TIPS + TOOLS
November 11, 2019
At this time of year when we’re retreating indoors, prepping your home for the cold weather becomes important. In the second part of Amsted President Steve Barkhouse’s latest appearance on CTV News at Noon, he shares his top fall maintenance tasks to take care of this year.
Of course, we invite you to download our handy seasonal maintenance checklist for the full run-down. But here are a few of our must-do’s, along with some neat new products from our friends at Home Hardware Stittsville.
Getting rid of the leaves
Yard waste bags are a must at this time of year, especially now that almost all of the leaves have fallen. Two things that help you fill them up are a Leaf & Lawn Chute and a yard scoop. The chute is a plastic sleeve that holds the bag open and allows you to slide items right in, which is helpful if you’re working on your own because you can’t get the kids to help out! It easily slides out after it’s full for placement in the next bag. And the scoop helps you stand more upright to pick up leaves, saving your back.
Protecting plants & shrubs
You can always wrap your plants in standard burlap to protect them against the elements and especially road salt, or you can use this pop-up protector, an option that makes this job much easier. Simply pop it open and tie it using the convenient ties at the bottom. It’s also nice come spring — simply untie, pull it off, lay flat for storage and it can be used year after year. These protectors come in a variety of sizes, depending on what you have to cover.
Cover up your AC unit
You many have heard that you should only cover the top of the unit and have seen your neighbours put just a piece of plywood on top. But if done correctly, the bags offer much better protection from the elements. You just want to make sure that you don’t wrap the bottom tightly, which can create condensation. Cover the full unit, but let the bottom hang loose and you’re all set.
Take care of your outdoor water sources. Plumbing antifreeze can simply be poured into any system that remains completely outdoors throughout the winter, such as RVs, pools, etc.
Moving inside, we’ll take a look at some of the tasks to get your home ready for the chill.
Arm your windows against drafts and keep the heat inside three ways:
- Weather shield kit: If you have windows in your home that are rarely accessed or opened in winter, we recommend sealing them with this simple kit. Clear plastic allows you to maintain the solar gain of your windows but prevents the loss of heat through the glass panes. It’s especially effective if you have older windows in your home.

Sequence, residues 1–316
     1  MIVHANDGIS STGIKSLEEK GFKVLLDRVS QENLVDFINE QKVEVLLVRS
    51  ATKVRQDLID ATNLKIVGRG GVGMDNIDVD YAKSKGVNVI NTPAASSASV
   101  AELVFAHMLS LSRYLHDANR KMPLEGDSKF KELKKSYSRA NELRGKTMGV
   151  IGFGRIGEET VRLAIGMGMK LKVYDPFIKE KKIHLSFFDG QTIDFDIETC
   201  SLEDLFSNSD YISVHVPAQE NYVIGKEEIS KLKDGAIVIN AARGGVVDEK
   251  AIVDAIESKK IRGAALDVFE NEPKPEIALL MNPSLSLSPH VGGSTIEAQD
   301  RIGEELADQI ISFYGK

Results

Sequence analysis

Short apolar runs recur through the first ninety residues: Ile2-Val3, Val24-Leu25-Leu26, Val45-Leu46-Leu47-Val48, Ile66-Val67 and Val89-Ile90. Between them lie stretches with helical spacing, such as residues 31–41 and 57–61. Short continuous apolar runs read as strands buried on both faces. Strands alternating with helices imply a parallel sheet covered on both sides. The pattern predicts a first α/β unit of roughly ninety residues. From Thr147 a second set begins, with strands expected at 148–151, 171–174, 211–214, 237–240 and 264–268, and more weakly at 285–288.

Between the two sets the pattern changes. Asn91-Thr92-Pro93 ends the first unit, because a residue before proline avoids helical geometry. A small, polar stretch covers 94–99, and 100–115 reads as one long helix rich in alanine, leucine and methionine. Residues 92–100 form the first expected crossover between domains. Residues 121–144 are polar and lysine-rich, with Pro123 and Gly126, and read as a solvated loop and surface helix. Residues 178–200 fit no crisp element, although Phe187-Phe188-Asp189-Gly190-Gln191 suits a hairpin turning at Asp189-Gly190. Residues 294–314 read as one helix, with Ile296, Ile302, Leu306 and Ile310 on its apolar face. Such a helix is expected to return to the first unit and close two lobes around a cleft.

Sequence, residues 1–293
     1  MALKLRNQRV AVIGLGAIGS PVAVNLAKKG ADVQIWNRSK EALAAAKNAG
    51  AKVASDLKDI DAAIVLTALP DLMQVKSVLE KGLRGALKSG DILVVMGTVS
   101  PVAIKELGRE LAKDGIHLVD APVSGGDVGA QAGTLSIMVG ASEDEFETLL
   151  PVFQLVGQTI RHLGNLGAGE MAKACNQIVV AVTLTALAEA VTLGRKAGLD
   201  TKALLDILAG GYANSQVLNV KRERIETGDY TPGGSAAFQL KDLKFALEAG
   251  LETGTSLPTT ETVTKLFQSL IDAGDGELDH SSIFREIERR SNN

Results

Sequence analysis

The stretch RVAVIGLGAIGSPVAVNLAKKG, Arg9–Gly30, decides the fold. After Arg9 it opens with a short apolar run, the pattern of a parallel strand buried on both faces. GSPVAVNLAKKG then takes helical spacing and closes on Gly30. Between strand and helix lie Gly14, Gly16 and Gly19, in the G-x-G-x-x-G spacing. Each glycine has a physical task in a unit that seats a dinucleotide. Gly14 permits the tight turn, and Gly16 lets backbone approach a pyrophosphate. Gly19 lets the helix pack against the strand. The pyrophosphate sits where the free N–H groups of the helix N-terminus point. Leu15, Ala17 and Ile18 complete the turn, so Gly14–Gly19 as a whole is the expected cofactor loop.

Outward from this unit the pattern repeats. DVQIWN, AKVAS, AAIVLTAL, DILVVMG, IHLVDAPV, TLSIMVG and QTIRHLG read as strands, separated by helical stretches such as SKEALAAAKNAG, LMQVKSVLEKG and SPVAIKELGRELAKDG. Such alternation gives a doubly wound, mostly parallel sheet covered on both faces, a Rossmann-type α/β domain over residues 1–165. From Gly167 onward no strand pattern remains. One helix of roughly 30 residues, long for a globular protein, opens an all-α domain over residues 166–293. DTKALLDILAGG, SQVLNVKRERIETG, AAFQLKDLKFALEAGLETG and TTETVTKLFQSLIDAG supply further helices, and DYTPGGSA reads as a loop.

- Zip Seal ‘n’ Peel caulking: This is a unique product that can be pulled up in the spring. Again, use it on windows that are drafty but won’t be opened in winter. You can also save it and use it in the spring to put in a temporary air conditioner.
- Standard caulking: For use wherever you need a permanent barrier. It saves energy in protecting against drafts throughout the year.
Ensure adequate air flow throughout your home with air deflectors. Used for floor register vents, they simply sit right on top to help circulate air throughout the room and move warm furnace air more efficiently. They can come with magnets if you have metal grates to help them stay in place.
When people think about humidity, they often consider only the summer months, when we want to take the moisture out of the air. But adding it back in during the winter is just as important. Maintaining proper humidity levels in your home year-round will help avoid gaps and cracks from forming in your hardwood, drywall, etc. There are also significant health risks associated with dry air, especially for kids and the elderly, including considerations for asthma, nose bleeds, etc.
If your furnace humidifier is not up to the task (or you don’t have a furnace humidifier), a portable one can do the trick. Humidifiers come in all sizes, depending on where you need to add moisture. This unit here is a single-room option, great for a family room or bedroom.
Make sure the air that is in your home is safe. If you didn’t check your smoke and carbon monoxide detectors when the clocks went back, now is the perfect time to do so. Are they working properly? Are they getting close to their expiry date? Have you replaced the batteries?
We also recommend that you get your chimney professionally cleaned before using it, but in the interim, a chimney sweeping log used at the start of the season can remove dangerous creosote in your chimney.
Of course, these are just some of the top fall home maintenance tasks you should tackle. Get our full fall checklist here.